Post by Joanna on Sept 24, 2017 12:21:10 GMT -5
'Coricidin Made Me Do It' Says Man Who Killed Wife
Matthew Phelps sounded detached – and then progressively more distraught – when he called 911 in the early hours of Sept. 1 to say his wife, Lauren Hugelmaier Phelps, was dead. “I had a dream and then I turned on the lights and she’s dead on the floor,” he told the dispatcher. He proceeded to describe a grim scene: “I have blood all over me and there’s a bloody knife on the bed and I think I did it. I can’t believe this.”
In his version of events, captured in that 911 call, Phelps had gone to sleep the night before after taking too much cold medicine, then awakened after midnight to find his wife fatally stabbed in their two-bedroom townhouse in Raleigh, North Carolina. Before breaking down into audible sobs, the 28-year-old aspiring pastor explained why he believed he couldn’t recall what had happened. “I took more medicine than I should have,” he admitted. “I took Coricidin Cough & Cold because I know it can make you feel good. A lot of times I can’t sleep at night. So, I took some.”
Authorities arrived soon after the call to find Mrs. Phelps’ body as her husband had reported. He was arrested later that same day and charged with first-degree murder in connection with the death of his wife, a 29-year-old Sunday school teacher whom he married less than a year ago.
Although police have released few details about the headline-making case, investigators have expressed doubt about Phelps’ account of the stabbing, saying in a statement that “preliminary findings have established that the crime was not a random act.”
Phelps, who studied evangelism at Kentucky’s Clear Creek Baptist College, has pled not guilty and is being held without bail at the Wake County Detention Center in Raleigh. As the story continues to garner national attention, Phelps’ attorney is urging the public to avoid jumping to conclusions. “It’s a very tragic situation,” Joseph Cheshire said in a statement to People. “There’s a lot to this story I believe will be told in the future.”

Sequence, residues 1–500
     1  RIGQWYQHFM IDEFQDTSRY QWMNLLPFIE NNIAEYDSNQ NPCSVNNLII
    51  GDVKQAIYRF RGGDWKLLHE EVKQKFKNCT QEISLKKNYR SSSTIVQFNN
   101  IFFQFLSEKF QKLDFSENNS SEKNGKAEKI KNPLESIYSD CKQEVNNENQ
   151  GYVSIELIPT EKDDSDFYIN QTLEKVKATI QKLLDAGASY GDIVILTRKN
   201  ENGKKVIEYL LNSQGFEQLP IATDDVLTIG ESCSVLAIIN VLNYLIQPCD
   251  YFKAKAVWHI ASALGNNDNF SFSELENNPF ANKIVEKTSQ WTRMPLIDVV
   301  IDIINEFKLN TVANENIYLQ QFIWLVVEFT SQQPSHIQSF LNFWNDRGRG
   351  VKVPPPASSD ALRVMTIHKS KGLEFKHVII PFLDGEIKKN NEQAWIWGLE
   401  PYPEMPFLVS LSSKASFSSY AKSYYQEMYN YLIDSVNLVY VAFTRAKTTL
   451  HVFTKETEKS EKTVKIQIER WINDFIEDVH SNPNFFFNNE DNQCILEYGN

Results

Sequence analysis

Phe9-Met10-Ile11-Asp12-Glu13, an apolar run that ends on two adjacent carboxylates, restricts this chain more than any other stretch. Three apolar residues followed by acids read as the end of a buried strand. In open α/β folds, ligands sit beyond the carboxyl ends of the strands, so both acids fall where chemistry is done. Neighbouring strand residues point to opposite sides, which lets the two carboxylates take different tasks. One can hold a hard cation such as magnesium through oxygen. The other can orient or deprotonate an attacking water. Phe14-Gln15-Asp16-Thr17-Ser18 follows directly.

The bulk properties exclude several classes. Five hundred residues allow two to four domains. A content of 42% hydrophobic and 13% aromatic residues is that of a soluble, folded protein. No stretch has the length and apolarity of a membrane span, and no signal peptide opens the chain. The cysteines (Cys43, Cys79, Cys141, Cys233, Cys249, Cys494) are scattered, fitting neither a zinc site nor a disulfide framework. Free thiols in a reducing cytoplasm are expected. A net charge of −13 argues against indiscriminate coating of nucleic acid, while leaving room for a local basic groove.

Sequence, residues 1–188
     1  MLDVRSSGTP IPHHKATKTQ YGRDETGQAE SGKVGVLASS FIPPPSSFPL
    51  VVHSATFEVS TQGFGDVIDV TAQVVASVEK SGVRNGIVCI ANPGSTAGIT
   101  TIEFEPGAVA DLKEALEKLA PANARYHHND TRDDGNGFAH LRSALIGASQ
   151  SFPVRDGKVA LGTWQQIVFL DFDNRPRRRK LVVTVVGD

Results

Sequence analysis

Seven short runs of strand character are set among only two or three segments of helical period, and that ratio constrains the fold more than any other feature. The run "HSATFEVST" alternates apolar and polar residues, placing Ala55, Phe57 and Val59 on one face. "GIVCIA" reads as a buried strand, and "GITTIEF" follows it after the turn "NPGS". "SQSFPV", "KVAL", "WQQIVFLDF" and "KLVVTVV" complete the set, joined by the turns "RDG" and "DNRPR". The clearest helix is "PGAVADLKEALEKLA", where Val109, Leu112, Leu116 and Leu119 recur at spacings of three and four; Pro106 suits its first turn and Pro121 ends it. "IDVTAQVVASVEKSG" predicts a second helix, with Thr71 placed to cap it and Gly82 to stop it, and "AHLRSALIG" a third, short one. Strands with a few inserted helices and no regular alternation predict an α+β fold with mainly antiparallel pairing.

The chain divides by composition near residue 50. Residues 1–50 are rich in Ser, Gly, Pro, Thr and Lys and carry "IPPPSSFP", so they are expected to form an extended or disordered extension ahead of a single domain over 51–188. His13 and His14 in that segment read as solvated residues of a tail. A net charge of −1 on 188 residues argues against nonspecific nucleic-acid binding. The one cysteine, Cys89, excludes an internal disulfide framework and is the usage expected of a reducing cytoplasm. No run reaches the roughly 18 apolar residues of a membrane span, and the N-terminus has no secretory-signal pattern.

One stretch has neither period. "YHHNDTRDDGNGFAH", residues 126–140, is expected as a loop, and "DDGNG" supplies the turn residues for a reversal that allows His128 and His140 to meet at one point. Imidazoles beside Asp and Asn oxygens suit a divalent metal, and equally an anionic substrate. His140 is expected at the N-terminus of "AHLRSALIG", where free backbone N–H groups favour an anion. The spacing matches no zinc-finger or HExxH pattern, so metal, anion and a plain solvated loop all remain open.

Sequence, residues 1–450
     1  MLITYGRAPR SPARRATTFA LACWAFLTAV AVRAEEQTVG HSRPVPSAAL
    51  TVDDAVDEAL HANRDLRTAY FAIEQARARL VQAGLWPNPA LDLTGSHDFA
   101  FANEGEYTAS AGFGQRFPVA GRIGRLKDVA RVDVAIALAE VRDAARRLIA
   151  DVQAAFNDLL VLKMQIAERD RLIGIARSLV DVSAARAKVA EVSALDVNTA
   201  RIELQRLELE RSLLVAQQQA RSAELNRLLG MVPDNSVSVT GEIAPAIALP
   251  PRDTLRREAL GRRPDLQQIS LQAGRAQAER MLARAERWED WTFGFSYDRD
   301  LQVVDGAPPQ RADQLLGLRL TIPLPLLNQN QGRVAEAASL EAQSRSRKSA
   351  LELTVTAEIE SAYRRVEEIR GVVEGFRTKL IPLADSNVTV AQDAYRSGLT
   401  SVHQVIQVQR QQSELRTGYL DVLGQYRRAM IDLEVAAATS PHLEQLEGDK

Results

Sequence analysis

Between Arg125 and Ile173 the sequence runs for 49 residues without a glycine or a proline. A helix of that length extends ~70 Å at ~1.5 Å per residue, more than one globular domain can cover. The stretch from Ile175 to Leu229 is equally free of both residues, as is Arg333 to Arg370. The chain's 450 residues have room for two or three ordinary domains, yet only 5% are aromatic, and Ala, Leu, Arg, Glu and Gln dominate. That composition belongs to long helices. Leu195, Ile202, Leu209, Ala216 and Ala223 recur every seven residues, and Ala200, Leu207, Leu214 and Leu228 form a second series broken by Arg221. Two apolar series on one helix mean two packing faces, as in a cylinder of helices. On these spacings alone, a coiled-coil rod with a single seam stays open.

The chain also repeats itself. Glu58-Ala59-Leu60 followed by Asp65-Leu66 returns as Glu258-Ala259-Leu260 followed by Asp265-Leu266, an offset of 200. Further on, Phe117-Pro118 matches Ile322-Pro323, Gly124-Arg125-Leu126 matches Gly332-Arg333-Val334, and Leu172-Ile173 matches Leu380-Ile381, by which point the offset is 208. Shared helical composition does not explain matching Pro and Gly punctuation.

It remains unclear how much Coricidin Cough & Cold – if any – might have been in Phelps’ system at the time he allegedly murdered his wife, or whether he will try to use his self-proclaimed overdose as a defense. Still, the story has stirred discussion among toxicologists and some in the legal community. One criminal attorney told People that a claim about the effects of cold medicine could be viable in court. “It sounds farfetched to the general public,” said Chris Beechler, of Beechler Tomberlin in Winston-Salem, North Carolina. “But I will tell you, the idea that certain meds can get into your system and cause you to do things that you’re not aware of is completely possible.” Beechler, who has no connections to the case, explained that “in North Carolina, if a jury finds that a person did these things while unconscious … the defendant would have to be found not guilty of the crime.”
Some experts say that abusing Coricidin can induce unpredictable and dangerous side effects similar to those associated with the street drug PCP – however, one toxicologist noted he had “never seen a case like this, where someone commits murder under the influence of the drug.”
A spokesman for Bayer, the drug manufacturer that produces Coricidin, said, “There is no evidence to suggest” the drug is “associated with violent behavior. Patient safety is our top priority, and we continually monitor adverse events regarding all of our products.”
As officials work to solve the case, the family of Lauren Phelps works to come to terms with the death of the woman remembered as “sweet” and kind-hearted. “We’re just trying to deal with a lot of different emotions,” a family member told People.
Source: Char Adams, People, September 13, 2017, and WTVD, September 2, 2017.
Listen to 911 call: soundcloud.com/abc11-wtvd/170901-patuxentdr911call